MICHAEL CONNELLY (404) 964-8009
855 PEACHTREE STREET #3604 Two story 3BR/2.5 BA Penthouse with rooftop terrace. $1,200,000
JOEL CRAWFORD (770) 842-5754
709 PARK LANE 3BR/2BA convenient to the City of Decatur with open kitchen. $299,900
57 INTERLOCHEN DRIVE 5BR/5.5.5BA new custom home in Chastain. $2,250,000
MICHAEL HOSKIN (678) 428-8737
JEFF MASAREK (404) 314-1104
H A R RY N O R M A N , R E A LTO R S ®
the in town of f ice
Mike Wright, Sr. VP/Managing Broker 1531 Piedmont Avenue NE • Suite B • Atlanta, GA 30324 (404) 897-5558 • www.harrynorman.com Information is believed to be accurate, but is not warranted. Offers subject to errors, changes, omissions, prior sales, and withdrawals without notice.
A t l a n t a I N t o w n P a p e r. c o m
March 2015 | IN
A LOOK BACK This Month in History
Ann Taylor Boutwell March 9, 1960: A group of Atlanta University Center students led by Julian Bond and Lonnie King released An Appeal for Human Rights as a full-page advertisement in the city’s daily newspapers. The appeal called for civil rights for African-Americans and outlined the organizing of sit-ins to protest segregation around Atlanta. Known as the Committee on the Appeal for Human Rights, the group began the Atlanta Student Movement and held sit-ins at lunch counters and other locations starting on March 15 that same year.
March 25, 1932: Changing the community of Buckhead’s name to something more highfalutin’ again became an issue. Six years earlier, a large group of Buckhead citizens petitioned the Fulton County Commissioner to change the name to “Northwood.” Luckily, the attempts to change the name all failed. Buckhead was created in1838, when South Carolinian Henry Irby and wife, Georgia native Sardis Walraven, bought and settled on 202-plus acres of land around the present Peachtree, Roswell and West Paces Ferry roads.
March 12, 1925: Davison-Paxon merged with R.H. Macy and Company of New York. On March 21, 1927, the new store opened on Peachtree in the handsome $6 million building designed by Starrett and Van Vleck of New York and Hentz, Reid, and Adler of Atlanta. The landmark site next door to the Westin Peachtree Plaza Hotel is now known as events and office facility 200 Peachtree. March 13, 1981: Timothy Hill, 13, was the last child killed during what is now known as the Atlanta Child Murders that galvanized the city from 1979 to 1981. Wayne Williams was eventually arrested and convicted in the murder of two adults, but was never convicted in the murder of any of the 23 children. Hill’s death by asphyxiation would be attributed to Williams and the case eventually closed. March 14, 2008: More than 50 trees were toppled and dozens of headstones and obelisks were destroyed when a tornado struck Oakland Cemetery. The tornado damaged buildings as it tore through Downtown Atlanta, including blowing out windows in the Westin Peachtree Plaza and severely damaging the Fulton Cotton Mill Lofts across from the cemetery in Cabbagetown. It was the first tornado to hit the Downtown area since weather record keeping began in the 1880s.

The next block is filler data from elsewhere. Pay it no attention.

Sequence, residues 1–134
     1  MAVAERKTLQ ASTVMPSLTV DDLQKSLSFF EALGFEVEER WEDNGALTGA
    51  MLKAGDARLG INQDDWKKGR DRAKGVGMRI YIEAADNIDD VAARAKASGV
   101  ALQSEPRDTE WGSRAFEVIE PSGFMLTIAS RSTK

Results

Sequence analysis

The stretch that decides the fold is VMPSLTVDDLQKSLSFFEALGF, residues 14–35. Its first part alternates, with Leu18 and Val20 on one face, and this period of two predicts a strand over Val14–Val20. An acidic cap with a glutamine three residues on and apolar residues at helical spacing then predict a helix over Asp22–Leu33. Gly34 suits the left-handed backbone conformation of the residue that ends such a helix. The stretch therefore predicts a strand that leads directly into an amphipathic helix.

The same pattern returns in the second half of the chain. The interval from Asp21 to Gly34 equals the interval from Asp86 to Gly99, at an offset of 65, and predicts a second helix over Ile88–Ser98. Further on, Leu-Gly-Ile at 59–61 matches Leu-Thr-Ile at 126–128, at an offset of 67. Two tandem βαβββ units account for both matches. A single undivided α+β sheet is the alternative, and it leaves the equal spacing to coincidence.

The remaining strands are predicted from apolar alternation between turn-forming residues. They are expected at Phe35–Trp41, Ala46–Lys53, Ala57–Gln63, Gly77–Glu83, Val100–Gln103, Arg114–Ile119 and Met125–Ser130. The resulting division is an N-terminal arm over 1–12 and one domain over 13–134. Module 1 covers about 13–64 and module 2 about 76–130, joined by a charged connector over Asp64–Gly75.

March 27, 1944: The Atlanta-based Coca-Cola company registered a trademark for the soft drink’s more common name, Coke. Be sure to check out the Coca-Cola Bottle exhibition at the High Museum now through October marking the iconic bottle’s 100th anniversary. March 30, 1873: The Atlanta Street Railway, the city’s first streetcar system pulled by mules and horses, opened the Taylor Hill line, which ran to within a block of where the Georgia Dome now sits. Historian Ann Taylor Boutwell is a docent at the Margaret Mitchell House & Museum. Contact her at firstname.lastname@example.org.
Outstanding Agents, Outstanding Results®
Midtown/Piedmont Park $209,200 275 13th Street, #505 John Petrou 404.444.5323 call/text
North Georgia Mountains $550,000 89 Rolling Hills Court Jacki and Kristi 404.917.0744
City of Decatur $479,000 142 Ridgeland Avenue Jacki and Kristi 404.917.0744
Westover Plantation $199,900 18 Kings Tavern Place NW The McJenko Team 404.668.5909
Decatur $720,000 223 Winnona Drive Paula Girvan 404.217.0212 Tom Fulkerson Managing Broker 404.371.4419
Morningside $2,500,000 1805 Lenox Road - 3.26 acres Zac Pasmanick 800-290-0079 ID code 5911
Oak Grove UNDER CONTRACT 3552 Briarcliff Road Andy Morris 404.849.0018
Brookhaven $634,900 3165 Lynwood Drive Troy Wile 404.313.7391
West Midtown/Buckhead $239,500 404 Defoors Mill Drive Bryant Gresham 404.372.3568
1189 S. Ponce de Leon Avenue NE, Atlanta, GA 30306 and 1944 Clairmont Road, Decatur, GA 30033 The above information is believed to be accurate but not warranted. Each ofﬁce is independently owned and operated.
18 March 2015 | INtown
NOBODY SELLS MORE REAL ESTATE THAN RE/MAX.®
A t l a n t a I N t o w n P a p e r. c o m
Pet Pick Marcus is as charming as he is handsome. He is the life of every party and, of course, a staff favorite. He loves to play with other dogs, but he dreams most about having a human family to call his own. He would love someone to go running with, watch movies with, and someone who will give his ears a scratch when they get itchy. Marcus is a 2-year-old hound dog who is in great health. To adopt Marcus or any of the other available dogs and cats searching for a home, visit pawsatlanta. org or stop by the shelter at 5287 Covington Highway in Decatur.